The Michigan Department of Natural Resources (DNR) Parks and Recreation Division has been honored by the National Association of State Park Directors.

The association recently gave its 2012 President’s Award to the agency in recognition of its Recreation 101 program—a popular and growing series of instructional events and workshops that encourage residents and visitors to get out, learn new recreation skills, and enjoy the outdoors.

The award honors statewide organizations that have made an extraordinary contribution to the goals of a state park system.

According to DNR Parks and Recreation Division Chief Ron Olson, the Recreation 101 program, which is currently in its second year, has proved to be an excellent example of a successful collaboration between many sectors of the recreation community.

“Recreation 101 has grown from 87 events in 2011 to more than 300 introductory programs in 2012, offering almost everything from archery to windsurfing, that have led people into our parks and recreation areas, and also into a healthy, more active lifestyle,” Olson said.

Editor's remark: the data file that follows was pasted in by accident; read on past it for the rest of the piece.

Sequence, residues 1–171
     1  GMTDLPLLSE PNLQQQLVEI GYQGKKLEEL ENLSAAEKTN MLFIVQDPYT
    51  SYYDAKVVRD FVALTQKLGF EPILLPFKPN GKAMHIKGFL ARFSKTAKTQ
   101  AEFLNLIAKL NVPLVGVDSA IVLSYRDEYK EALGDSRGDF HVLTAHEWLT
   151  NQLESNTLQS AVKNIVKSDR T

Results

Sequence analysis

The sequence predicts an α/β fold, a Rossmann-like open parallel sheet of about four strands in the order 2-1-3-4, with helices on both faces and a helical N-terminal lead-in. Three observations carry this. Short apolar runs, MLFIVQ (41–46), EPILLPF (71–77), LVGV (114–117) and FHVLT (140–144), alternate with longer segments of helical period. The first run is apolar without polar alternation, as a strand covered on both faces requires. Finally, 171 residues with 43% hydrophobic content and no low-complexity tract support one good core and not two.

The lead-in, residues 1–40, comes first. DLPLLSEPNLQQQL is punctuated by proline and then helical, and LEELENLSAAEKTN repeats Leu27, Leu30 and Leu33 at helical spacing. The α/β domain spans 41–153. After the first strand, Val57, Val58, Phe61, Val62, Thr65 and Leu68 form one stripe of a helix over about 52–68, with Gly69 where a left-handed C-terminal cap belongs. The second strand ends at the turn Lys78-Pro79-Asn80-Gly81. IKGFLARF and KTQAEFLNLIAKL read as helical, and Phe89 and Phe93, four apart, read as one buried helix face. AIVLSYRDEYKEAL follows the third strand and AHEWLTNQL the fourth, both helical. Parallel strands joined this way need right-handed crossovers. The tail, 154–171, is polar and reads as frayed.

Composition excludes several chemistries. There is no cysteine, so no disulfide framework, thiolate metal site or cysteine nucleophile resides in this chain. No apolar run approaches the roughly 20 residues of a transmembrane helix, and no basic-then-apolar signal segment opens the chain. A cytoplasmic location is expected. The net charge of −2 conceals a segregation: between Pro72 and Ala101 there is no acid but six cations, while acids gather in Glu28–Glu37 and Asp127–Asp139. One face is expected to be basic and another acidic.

He added that the program has reached thousands of people in the last two years and has involved a successful partnership between volunteer instructors and nearly 100 Michigan outdoor recreation businesses.

The award was presented during the National Association of State Park Directors’ annual conference that took place September 4-7 in Lexington, Kentucky.

Details

Michigan Department of Natural Resources (DNR)

The Michigan Department of Natural Resources is committed to the conservation, protection, management, use and enjoyment of the state’s natural and cultural resources for current and future generations.

Website: michigan.gov/dnr

Recreation 101

Michigan is rolling out the “green” carpet to welcome everyone to the woods and waters! Recreation 101, or “Rec 101,” is a series of intro-to format classes taught by DNR staff or expert volunteers from organizations, guide services, outfitters, and more.